On Monday Senbanjo will appear at Brooklyn’s MoCADA for a special evening dedicated to his Sacred Art of the Ori. The event includes a Q&A in which the artist will discuss his artwork and working with Beyoncé on her recent Lemonade visual album.

Join Laolu Senbanjo at MoCADA for a conversation about the Sacred Art of the Ori

and his role in Beyoncé's Lemonade on Monday, May 9, 7-9PM at MoCADA.

Africa: In Fashion & Fabric // The Bronx River Art Center

AFRI-NA-LADI by Sarah Waiswa

The Bronx River Art Center (BRAC) is hosting the second in a two-part series presented in association with The Bronx Council on the Arts' Bronx: Africa programming. Africa: In Fashion & Fabric, curated by Christie Gonzalez and Gail Nathan, shines a spotlight on fashion design and fashion photography from the continent, presenting the work of several contemporary African fashion designers and artists, including Jojo Abot and her AFRI-NA-LADI collective, Archel Bernard & The Bombchel Factory and Victoria Udondian.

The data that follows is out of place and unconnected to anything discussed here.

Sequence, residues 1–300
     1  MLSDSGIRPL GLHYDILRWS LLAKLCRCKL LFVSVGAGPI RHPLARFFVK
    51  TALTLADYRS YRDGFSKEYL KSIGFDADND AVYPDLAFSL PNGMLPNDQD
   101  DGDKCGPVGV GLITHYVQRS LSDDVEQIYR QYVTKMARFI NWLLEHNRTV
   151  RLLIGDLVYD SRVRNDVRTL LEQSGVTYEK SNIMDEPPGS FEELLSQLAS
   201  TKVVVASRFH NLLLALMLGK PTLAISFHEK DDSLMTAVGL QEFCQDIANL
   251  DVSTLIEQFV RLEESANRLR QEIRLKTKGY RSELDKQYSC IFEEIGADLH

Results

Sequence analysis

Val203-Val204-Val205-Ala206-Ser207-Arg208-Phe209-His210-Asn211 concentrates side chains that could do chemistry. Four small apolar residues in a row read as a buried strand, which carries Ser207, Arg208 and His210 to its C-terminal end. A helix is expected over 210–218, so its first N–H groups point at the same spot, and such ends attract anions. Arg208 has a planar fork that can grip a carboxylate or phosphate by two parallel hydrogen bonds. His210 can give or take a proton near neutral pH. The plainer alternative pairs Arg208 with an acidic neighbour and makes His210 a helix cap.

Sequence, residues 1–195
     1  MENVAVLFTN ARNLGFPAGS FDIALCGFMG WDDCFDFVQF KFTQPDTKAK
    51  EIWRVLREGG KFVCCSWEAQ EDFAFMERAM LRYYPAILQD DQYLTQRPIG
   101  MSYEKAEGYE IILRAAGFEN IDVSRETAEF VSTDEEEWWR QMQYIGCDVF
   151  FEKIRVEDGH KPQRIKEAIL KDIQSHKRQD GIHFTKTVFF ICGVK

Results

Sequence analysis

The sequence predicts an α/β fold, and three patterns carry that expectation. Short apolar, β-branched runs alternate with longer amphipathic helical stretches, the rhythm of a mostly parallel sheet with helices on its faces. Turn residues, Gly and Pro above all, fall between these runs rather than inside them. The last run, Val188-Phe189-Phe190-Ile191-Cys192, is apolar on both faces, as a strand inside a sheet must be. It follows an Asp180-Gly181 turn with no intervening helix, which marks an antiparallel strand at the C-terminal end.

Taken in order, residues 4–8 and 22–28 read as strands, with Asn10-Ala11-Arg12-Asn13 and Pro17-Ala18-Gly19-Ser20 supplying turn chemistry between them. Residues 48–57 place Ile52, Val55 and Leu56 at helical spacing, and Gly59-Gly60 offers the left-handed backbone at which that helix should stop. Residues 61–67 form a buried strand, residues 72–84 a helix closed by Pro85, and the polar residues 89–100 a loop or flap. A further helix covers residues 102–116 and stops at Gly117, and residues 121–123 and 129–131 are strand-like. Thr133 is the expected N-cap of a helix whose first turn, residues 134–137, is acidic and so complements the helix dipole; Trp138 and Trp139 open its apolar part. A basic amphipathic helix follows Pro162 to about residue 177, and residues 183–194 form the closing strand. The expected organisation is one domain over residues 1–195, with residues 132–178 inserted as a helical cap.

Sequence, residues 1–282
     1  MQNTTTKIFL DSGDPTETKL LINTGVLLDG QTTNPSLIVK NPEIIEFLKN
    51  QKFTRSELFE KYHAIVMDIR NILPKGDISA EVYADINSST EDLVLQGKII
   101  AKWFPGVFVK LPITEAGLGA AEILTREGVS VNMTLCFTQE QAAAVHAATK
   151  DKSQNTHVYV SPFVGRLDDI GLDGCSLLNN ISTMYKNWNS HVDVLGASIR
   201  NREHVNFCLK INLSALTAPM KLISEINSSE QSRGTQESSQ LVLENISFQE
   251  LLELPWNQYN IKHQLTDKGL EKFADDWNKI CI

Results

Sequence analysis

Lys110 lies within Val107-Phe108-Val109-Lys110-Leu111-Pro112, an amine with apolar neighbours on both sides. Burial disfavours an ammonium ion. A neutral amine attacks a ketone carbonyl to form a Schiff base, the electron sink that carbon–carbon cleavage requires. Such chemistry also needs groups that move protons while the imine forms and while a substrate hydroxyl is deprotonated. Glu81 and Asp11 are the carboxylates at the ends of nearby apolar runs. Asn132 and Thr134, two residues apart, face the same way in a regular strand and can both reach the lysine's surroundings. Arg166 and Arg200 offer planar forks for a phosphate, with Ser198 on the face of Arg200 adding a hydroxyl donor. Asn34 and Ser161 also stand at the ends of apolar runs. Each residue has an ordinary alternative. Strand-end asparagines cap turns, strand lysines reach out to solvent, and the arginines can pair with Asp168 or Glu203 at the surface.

Africa: In Fashion & Fabric is on view at the Bronx River Art Center May 6 through June 4. 

Black Magic: AfroPasts/AfroFutures // Corridor Gallery

Charles Jean-Pierre, Liberte Egalite Fraternite II

The multi-disciplinary group show, a curatorial debut for Brooklyn-based curator and anthropologist Niama Safia Sandy, features photography, video installations, paintings and collages that explore “magical blackness” through the past and future of the Black Diaspora.

“The show looks at this idea of magical realism as well as afrofuturism combined across the Black diaspora,” Sandy previously told Okayafrica. “What are the things that connect us? What is the iconography that connects us? And how does that look visually? What does that sound like? What does that feel like?”

The exhibition also marks a debut for our own Okayafrica family, Underdog. Also taking part in the show is Atlanta-based painter and photographer Arnold Butler, Brooklyn-based photographer Delphine Fawundu, Haitian-American painter Charles Jean-Pierre, poet and performance artist Roger Bonair-Agard, Haitian-born mixed media artist Soraya Jean Louis-McElroy and ODDKinCREATE.